The types of incorporation could be eithers Corporation, which is normally considered to have offshore activities, or Branch/Representative Office of Foreign Company, or a Limited Liability Company. The most frequently used type of incorporation by international offshore investors in Uruguay is the Corporation with bearer shares. Aside from being completely tax-free, corporations are entitled to a removal of the need to file accounts, free movement of capital, free foreign currency conversion, and free circulation of precious metals, bonds, or any type of commercial/financial papers, to name a few.

The most alluring Uruguayan glamour for offshore investors might be that the incorporation of offshore banks is allowed there. The minimum share capital for an offshore bank is US$ 500,000. The bank is exempt from any tax on any activity, line of business, income or its assets. Interestingly, it also does not require a local registered agent. Uruguayan offshore banks can carry out any form of banking activity, such as offering all types of current and deposit accounts, including foreign currency accounts. The only restriction is that they can merely conduct business with non-residents.

In the past couple of years, the relations between China and Uruguay have warmed up. China is nowadays Uruguay's third export market, and one that is growing strongly. Bilateral trade last year reached a record US$ 2.63 billion, a rise of nearly 70 per cent over 2009, and in the first quarter this year, bilateral trade had soared 47 per cent compared with the first quarter of 2010, according to China's official Xinhua news agency. Chinese companies signed deals to buy nearly US$ 530 million in Uruguayan soy, wool, dairy products and other goods during a June visit to the South American country by Chinese Vice President Xi Jinping, which was to reciprocate Uruguayan Vice President Danilo Astori's August 2010 visit to China, during which an agreement on economic and technological cooperation between the two nations was signed in Beijing.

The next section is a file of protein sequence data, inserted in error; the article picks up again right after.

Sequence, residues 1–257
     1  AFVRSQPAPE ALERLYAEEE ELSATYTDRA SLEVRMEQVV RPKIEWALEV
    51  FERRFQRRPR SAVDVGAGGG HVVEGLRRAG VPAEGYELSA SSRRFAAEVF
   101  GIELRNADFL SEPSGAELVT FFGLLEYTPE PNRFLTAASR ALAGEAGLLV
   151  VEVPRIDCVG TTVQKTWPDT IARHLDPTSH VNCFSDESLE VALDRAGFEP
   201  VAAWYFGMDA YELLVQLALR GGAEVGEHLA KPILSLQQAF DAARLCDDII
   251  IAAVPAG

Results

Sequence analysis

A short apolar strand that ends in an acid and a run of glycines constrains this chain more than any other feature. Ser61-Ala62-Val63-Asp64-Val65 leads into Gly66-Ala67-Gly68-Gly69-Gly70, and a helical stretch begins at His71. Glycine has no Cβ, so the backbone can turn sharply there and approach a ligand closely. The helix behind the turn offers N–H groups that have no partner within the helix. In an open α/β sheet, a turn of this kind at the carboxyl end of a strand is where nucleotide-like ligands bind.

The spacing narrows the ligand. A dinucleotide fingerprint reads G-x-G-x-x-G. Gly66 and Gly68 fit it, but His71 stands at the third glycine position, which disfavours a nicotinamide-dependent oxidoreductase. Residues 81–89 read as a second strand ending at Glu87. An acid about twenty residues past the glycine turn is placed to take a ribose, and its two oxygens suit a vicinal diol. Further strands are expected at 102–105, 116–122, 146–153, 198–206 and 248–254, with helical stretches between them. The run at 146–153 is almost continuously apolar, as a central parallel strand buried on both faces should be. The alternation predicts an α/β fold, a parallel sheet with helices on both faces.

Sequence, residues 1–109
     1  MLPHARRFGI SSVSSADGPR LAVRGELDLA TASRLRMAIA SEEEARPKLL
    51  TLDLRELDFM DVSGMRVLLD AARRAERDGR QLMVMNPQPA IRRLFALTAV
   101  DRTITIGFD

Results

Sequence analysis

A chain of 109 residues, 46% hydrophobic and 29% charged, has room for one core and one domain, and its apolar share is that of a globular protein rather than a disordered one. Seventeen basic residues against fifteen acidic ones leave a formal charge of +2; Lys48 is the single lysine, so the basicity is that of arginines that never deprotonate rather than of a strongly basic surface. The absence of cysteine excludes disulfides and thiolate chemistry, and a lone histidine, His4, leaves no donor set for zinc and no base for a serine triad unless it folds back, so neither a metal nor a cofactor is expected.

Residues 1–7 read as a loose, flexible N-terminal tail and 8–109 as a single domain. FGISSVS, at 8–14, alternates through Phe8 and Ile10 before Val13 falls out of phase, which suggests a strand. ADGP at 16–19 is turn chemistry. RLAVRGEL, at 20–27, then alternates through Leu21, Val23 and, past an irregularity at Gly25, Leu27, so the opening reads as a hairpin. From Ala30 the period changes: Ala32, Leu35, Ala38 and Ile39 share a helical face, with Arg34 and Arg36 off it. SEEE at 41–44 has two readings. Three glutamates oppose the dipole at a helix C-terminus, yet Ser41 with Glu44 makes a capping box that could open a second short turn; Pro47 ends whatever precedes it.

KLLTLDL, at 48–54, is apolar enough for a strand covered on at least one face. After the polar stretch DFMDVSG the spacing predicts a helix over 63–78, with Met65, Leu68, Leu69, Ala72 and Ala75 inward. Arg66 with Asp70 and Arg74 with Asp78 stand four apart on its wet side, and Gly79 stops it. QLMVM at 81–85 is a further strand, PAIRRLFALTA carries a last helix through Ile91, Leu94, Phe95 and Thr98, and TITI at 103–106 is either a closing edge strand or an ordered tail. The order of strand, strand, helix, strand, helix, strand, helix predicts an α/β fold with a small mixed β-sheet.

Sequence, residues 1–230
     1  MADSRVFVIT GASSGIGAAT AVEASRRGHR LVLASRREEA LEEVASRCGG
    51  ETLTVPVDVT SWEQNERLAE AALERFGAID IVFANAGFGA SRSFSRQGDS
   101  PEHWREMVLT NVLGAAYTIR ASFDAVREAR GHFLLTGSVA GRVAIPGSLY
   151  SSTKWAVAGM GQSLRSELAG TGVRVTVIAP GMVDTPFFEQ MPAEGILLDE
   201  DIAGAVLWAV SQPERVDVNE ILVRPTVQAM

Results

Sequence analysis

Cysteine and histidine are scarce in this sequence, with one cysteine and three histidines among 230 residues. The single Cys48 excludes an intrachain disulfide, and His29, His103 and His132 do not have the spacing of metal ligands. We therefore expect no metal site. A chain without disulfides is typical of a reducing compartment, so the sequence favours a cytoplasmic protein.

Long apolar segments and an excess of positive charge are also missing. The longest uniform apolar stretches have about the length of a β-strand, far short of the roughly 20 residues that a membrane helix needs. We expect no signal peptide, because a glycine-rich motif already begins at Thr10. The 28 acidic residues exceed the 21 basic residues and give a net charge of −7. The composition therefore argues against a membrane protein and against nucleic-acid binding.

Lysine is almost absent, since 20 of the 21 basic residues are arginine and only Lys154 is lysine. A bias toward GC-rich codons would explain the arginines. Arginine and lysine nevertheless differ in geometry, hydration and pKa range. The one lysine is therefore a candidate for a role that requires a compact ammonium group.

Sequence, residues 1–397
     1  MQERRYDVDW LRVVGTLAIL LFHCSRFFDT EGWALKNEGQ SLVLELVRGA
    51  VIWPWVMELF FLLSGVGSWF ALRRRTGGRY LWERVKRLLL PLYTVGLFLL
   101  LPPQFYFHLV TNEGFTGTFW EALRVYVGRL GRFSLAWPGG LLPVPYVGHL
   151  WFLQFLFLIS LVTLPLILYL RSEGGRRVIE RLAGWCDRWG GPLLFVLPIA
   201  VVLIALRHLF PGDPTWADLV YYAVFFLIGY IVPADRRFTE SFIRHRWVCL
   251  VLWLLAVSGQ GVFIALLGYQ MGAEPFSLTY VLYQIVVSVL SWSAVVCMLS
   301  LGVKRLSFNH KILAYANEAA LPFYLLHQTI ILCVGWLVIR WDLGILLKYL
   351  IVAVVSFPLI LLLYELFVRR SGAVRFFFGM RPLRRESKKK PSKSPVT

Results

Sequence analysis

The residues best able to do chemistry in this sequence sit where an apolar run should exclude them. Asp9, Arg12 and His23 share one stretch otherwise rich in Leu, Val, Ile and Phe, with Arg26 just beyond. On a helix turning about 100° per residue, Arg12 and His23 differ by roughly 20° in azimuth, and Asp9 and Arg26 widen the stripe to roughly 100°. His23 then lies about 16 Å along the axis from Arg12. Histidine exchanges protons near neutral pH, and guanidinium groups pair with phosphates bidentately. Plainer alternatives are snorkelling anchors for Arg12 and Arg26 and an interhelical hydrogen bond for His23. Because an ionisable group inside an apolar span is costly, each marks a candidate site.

Uruguayan government and businesses alike are now striving to help Chinese investors settle in their nation. Services to facilitate Chinese companies penetrating the Latin American market, setting up offshore entities and doing offshore financial planning are easily available in Uruguay.

Up to the first half of this year, Uruguay had signed treaties to avoid double taxation with respect to taxes on income and capital in line with the information exchange standard of the OECD with Germany, Mexico, Spain, Portugal, France, Liechtenstein, Switzerland, Malta and Finland. Having signed all these agreements recently, Uruguay adopted the international standards and technical recommendations from the OECD.

Uruguay had once been blacklisted as a tax haven by the OCED and was subsequently moved to the "grey list," Uruguay needs just one more treaty to be removed from the OECD "grey list," said upliftingly Nelson Hernandez, the newly appointed head of the Uruguayan Tax Advisory under its Ministry of Economy. This is on the forefront, and with major breakthroughs with India; Uruguay is expected to sign the last treaty with this Asian economic powerhouse.

With the aforementioned warm-up of relations between Uruguay and China in the past couple of years, the Latin American offshore jurisdiction will probably ink one with the world's fastest growing, second largest economy in the not too distant future.